Radiation-inducible human tumor necrosis factor-related apoptosis-inducing ligand (TRAIL) gene therapy: a novel treatment for radioresistant uveal melanoma

Authors


  • X. F. and S.G. are corresponding and senior authors of this report.

Xianqun Fan, e-mail: fanxq@sh163.net

Summary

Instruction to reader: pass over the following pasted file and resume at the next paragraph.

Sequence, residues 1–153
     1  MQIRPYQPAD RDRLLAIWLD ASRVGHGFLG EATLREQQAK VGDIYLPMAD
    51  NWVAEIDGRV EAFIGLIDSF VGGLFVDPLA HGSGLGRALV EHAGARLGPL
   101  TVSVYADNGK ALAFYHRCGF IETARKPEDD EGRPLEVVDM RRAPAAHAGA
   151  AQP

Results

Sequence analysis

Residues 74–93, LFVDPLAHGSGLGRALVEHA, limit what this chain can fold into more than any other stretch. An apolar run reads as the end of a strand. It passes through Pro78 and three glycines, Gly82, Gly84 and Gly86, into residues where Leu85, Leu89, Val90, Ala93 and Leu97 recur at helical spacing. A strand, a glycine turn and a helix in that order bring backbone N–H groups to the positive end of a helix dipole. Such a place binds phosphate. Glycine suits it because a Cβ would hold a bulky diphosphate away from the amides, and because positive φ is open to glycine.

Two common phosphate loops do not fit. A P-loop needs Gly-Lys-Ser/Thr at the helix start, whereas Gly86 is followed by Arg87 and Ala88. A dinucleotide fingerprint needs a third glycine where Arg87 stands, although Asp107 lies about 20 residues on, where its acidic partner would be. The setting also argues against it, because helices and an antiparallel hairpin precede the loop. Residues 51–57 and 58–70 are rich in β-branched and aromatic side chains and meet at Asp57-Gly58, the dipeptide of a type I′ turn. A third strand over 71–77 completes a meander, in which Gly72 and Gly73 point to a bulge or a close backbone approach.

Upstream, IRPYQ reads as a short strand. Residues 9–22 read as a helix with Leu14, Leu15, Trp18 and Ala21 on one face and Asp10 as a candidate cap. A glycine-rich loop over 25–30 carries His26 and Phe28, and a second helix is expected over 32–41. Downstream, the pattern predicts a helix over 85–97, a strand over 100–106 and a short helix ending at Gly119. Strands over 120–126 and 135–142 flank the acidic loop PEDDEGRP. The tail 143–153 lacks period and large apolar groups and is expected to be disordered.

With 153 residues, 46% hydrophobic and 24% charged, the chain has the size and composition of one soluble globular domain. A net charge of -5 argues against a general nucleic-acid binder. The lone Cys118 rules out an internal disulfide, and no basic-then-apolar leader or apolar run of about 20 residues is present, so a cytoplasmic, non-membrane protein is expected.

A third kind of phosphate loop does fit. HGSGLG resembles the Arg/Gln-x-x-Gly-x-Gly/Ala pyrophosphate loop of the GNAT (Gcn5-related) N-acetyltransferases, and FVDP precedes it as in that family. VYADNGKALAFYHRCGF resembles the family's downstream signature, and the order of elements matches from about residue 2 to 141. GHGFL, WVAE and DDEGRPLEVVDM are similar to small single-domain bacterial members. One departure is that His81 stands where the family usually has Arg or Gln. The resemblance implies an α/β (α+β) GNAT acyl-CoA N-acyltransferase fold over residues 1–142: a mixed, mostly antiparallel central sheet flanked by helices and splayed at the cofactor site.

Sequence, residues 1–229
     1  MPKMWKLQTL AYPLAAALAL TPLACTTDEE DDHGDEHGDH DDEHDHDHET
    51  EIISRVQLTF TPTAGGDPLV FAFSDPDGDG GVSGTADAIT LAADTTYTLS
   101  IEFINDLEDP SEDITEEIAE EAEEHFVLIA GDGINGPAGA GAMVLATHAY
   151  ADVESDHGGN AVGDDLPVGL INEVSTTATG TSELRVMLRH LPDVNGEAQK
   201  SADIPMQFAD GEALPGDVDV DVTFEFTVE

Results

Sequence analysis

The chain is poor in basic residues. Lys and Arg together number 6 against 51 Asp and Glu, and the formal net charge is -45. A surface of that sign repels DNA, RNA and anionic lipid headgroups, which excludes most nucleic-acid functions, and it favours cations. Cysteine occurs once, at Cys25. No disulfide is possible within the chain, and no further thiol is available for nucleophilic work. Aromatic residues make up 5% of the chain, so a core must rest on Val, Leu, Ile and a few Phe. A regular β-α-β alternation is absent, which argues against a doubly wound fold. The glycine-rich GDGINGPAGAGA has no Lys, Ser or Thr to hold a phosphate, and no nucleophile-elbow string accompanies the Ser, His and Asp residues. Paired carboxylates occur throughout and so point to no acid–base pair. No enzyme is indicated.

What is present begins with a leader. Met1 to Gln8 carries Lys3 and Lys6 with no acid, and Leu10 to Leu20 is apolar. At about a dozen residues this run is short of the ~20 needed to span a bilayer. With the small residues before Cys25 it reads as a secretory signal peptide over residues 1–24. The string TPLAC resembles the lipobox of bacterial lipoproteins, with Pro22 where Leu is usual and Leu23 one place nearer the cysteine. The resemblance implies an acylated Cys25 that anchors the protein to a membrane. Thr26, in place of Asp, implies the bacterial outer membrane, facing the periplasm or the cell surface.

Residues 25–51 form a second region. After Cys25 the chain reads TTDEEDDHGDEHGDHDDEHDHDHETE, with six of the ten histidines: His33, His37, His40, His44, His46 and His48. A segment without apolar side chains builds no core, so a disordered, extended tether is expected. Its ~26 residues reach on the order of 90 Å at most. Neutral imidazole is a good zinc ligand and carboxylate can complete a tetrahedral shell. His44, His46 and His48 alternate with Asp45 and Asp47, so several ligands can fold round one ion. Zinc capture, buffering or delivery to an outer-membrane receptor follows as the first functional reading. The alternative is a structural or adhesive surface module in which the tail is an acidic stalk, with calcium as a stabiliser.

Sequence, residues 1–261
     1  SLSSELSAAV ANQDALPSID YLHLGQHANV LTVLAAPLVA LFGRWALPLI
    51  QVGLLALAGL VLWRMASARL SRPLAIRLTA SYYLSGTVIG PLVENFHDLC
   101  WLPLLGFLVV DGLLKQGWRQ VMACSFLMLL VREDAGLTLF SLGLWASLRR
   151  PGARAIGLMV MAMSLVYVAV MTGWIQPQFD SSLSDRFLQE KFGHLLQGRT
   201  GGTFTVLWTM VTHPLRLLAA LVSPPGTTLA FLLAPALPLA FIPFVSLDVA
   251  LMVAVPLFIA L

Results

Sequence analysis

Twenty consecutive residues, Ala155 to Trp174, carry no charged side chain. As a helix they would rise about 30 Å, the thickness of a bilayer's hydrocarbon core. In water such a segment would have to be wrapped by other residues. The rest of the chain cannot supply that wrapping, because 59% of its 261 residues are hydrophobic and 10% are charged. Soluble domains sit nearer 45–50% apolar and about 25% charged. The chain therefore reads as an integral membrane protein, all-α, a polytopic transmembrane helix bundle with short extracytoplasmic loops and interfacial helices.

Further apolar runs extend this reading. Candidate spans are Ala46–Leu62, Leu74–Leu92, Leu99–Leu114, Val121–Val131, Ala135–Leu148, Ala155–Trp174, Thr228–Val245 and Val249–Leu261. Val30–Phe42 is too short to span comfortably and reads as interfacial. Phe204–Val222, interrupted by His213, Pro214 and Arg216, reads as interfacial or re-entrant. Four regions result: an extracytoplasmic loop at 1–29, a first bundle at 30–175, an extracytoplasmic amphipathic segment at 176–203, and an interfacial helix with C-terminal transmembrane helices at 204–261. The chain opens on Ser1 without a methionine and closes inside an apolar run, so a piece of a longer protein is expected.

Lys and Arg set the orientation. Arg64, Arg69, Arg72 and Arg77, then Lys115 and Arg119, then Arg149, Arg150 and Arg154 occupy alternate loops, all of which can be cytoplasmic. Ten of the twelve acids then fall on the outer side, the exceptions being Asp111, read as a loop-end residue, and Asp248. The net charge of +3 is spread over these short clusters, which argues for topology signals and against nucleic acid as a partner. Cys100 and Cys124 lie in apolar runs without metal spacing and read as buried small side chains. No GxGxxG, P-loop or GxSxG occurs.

Uveal melanoma (UM) is one of the most therapy-resistant cancers. Radiotherapy is the preferred treatment for most cases of UM. However, some UM cells, such as the SP6.5 or OM431 cell lines, are relatively radioresistant. In this study, we attempted to improve the current UM therapy using an adenovirus radio-inducible gene therapy system. The antitumor adenovirus was constructed by inclusion of the radiation-inducible early growth response gene 1 (EGR1) promoter and the anticancer tumor necrosis factor-related apoptosis-inducing ligand (TRAIL) gene. We demonstrated that the UM SP6.5 and OM431 cell lines were susceptible to the TRAIL-induced antitumor effect. TRAIL expression was enhanced in the adenovirus containing EGR1/TRAIL (Ad-ET) treatment group by radiotherapy, whereas Ad-ET significantly increased cell death and apoptosis caused by radiotherapy. In mice bearing xenograft tumors, apoptotic cells were detected in pathological tumor sections. Adenovirus Ad-ET combined with radiation therapy significantly inhibited tumor growth compared with the other treatment groups (P < 0.01). Our findings indicate that radioresponsive gene therapy has the potential to be a more effective and specific therapy for UM because the therapeutic gene can be spatially or temporally controlled by exogenous radiation.

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